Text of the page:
I don't remember the next few seconds because the act of pulling him out pulled me out of my boat and I was rag-dolled down the river in a massive tumble that only stopped when the river calmed slightly and my life jacket righted me to see where the heck I was. My first instinct was to look back and I saw ol' Jesus On A Piece Of Toast coming by so I grabbed him and we stood up in the waist deep water and was just able to stand against the current while we blew water out of our noses, mouths and (in Jesus On A Piece Of Toast's case) lungs.
"I thought I was toast," said Jesus On A Piece Of Toast. (Well OK. Not really. But wouldn't it have been great if he did.)

We were both actually too in awe and shock to say anything and had the task of getting to an eddy ahead of us, so we both staggered against the current and got out of the river completely. The water was 51 degrees, after all, and a warm rock would help our situation immensely.
Jesus On A Piece Of Toast was prolly thinking "I nearly drowned", and I was thinking, man, Jesus On A Piece Of Toast nearly drowned.

Stuart was downstream watching helplessly and thinking "Uh oh. I brought them into this", and Charles didn't see much because he was, after all, in white water strapped to a kayak.

The thing about an event like that is that it tends to dampen the goofy joy one feels when one does something exhilarating like riding rapids in a toy... The rest of the 3 and a half mile trip was spent seriously riding the rapids, trying to stay in the boat and out of the holes. Jesus On A Piece Of Toast fell out of his boat a few more times and in so doing, knocked Charles out of his boat twice.

Once we found Charles clinging to the side wall at the bottom of a ten foot water fall we had just spilled out of, having come down the falls and landed on Jesus On A Piece Of Toast's boat which was bobbing around near another hole that caught Jesus On A Piece Of Toast's boat this time but not Jesus On A Piece Of Toast the man himself.

This time, it was Stuart who got out of his boat and ran up the side of the river to help Charles escape the great maw that was sucking him into it.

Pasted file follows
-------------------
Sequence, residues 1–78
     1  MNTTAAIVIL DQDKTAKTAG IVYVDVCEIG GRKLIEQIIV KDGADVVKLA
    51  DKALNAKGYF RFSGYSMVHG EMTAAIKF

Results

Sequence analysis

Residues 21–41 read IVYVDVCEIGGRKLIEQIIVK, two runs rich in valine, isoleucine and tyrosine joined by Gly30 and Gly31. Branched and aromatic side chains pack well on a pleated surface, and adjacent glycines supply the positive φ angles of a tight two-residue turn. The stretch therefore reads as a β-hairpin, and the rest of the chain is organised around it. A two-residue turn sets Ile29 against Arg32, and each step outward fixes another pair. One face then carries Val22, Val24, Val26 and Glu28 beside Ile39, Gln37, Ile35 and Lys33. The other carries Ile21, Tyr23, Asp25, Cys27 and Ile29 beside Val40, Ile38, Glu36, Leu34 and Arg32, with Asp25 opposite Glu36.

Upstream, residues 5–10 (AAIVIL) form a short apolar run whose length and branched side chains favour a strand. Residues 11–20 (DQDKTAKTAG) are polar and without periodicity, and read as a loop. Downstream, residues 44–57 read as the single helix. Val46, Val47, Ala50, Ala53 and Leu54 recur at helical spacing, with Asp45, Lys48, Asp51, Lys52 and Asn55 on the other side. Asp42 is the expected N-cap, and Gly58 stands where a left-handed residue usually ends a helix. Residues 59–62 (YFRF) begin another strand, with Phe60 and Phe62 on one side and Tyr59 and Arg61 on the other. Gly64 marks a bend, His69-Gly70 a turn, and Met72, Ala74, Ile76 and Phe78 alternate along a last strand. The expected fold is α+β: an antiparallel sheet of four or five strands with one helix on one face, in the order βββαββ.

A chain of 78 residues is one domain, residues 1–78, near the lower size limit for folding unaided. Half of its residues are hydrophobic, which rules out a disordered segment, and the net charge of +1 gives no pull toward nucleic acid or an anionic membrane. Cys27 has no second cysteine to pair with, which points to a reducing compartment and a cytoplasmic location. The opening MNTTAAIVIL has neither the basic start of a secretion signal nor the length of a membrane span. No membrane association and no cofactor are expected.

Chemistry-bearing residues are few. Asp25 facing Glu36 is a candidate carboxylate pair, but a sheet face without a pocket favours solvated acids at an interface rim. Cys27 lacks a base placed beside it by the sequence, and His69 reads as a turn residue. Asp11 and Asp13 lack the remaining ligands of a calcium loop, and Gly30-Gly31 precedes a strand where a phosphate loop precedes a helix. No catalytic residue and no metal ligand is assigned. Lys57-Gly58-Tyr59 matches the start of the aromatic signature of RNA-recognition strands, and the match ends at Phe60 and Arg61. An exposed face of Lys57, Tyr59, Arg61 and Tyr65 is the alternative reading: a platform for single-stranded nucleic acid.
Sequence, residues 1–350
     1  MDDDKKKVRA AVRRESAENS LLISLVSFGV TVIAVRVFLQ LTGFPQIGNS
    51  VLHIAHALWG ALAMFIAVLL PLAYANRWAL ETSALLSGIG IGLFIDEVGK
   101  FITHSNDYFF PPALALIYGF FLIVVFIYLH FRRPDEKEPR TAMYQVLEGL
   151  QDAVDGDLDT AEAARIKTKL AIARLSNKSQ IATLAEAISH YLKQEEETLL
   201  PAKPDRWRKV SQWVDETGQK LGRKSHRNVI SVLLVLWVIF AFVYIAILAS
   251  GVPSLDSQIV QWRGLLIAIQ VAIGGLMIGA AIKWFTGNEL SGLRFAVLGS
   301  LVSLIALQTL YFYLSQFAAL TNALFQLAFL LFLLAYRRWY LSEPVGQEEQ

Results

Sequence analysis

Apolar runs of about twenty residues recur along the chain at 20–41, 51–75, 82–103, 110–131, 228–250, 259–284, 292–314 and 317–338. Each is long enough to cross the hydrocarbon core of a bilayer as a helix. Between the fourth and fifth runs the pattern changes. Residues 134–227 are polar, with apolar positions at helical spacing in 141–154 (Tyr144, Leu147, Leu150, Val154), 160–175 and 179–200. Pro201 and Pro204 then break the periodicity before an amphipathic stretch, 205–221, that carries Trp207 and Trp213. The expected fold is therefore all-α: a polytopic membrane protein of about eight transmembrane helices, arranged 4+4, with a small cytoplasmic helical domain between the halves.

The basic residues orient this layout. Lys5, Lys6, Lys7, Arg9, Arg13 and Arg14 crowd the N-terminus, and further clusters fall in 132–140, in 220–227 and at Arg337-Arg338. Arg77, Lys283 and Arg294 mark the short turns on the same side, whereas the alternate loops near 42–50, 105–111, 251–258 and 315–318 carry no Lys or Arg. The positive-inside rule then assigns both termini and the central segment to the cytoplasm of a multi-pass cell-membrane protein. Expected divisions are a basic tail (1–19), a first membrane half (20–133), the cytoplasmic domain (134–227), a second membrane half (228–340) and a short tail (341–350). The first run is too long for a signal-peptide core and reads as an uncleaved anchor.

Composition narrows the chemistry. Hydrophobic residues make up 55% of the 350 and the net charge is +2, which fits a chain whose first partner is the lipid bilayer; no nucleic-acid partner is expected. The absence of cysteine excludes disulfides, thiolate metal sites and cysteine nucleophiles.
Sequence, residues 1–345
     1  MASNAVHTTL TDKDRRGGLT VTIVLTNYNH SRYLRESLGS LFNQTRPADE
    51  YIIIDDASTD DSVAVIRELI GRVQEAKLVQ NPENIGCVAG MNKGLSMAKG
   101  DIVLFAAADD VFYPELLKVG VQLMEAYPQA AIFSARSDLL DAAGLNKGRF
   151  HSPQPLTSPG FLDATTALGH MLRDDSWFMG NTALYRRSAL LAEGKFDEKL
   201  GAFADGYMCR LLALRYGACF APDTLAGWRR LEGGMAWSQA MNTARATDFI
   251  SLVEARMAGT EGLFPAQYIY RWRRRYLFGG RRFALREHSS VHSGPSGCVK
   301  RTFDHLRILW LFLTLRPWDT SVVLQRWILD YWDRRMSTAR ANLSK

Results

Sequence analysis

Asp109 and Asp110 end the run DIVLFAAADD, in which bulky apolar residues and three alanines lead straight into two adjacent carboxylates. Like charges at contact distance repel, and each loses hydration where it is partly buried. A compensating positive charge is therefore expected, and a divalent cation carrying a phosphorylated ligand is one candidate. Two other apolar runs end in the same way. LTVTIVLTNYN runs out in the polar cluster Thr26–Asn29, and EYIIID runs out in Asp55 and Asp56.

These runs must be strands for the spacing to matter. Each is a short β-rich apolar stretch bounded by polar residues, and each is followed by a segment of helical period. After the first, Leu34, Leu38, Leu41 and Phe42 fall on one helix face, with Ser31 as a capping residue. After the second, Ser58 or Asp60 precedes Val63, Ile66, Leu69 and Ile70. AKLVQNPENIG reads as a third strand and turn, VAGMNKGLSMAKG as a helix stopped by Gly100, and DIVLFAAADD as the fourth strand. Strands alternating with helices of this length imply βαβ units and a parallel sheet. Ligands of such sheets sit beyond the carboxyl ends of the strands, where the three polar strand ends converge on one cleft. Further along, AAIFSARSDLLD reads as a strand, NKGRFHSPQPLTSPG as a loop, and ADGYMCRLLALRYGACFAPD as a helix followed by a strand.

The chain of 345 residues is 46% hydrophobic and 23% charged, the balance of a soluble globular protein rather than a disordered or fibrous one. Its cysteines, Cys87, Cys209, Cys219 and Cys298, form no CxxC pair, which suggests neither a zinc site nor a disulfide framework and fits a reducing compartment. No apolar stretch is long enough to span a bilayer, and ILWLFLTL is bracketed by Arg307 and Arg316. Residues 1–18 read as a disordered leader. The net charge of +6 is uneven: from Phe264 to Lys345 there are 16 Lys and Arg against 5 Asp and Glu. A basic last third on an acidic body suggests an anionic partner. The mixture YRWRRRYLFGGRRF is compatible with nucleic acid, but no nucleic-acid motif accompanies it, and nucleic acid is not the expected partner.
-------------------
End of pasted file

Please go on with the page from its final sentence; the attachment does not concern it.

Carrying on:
Charles had the look on his face afterwards of "oh shit, that was serious".

So all in all it was a fun day. I only came out of my boat the one time, and I got to be a hero while doing it. Nobody wanted to say the obvious very loudly, but everyone acknowledged that Jesus On A Piece Of Toast nearly died and it was very lucky I happened to be coming by and able to get a hold of him with my big carpenter arms...


I keep trying to get Jesus On A Piece Of Toast to come over and mow my lawn or something for saving his life, but all he'll offer up is to let me come over and watch the San Francisco Giants play baseball on his giant screen TV...








4 comments:

Jeannie said...

Tell him he owes you beer and snacks too.

Exciting! Glad it wasn't me. I've canoed & kayaked on a fairly tame lake and canoed down fairly tame parts of a river (with my husband doing the exact opposite of my instructions because - what do I know - I'm only a woman who's canoed her entire life versus him with his zero hours experience) He scared me more than the river did as he paddled against me so we'd go into rocks. I did a white water ride somewhere...but that was a pretty tame commercial thing designed to be safe. Can't remember where that was now. huh.

dogbait said...

Jesus, what a great post! And you won't believe what I was doing while reading this.

Eating a piece of toast!

Carmi said...

I've been on white water once in my life. I was still a lifeguard then, an overly confident, superbly fit young'un with a sense of invincibility and a lust for adventure.

All it took was one run through a vortex that would make Edgar Allen Poe's The Maelstrom look like a rubber ducky's bathtime to convince me that I was in way over my head.

I saw Elvis that day as I got sucked to the bottom of the raging river over and over again. In between breaths, I wondered if this is what it felt like to drown, if this was what that little kid who, years earlier, almost died on an adjacent guard's watch felt like before I saw him and hauled him out.

I finished the day on the river and never went back. Once was enough for me. Glad you made it back, too!

Shrinky said...

My hero!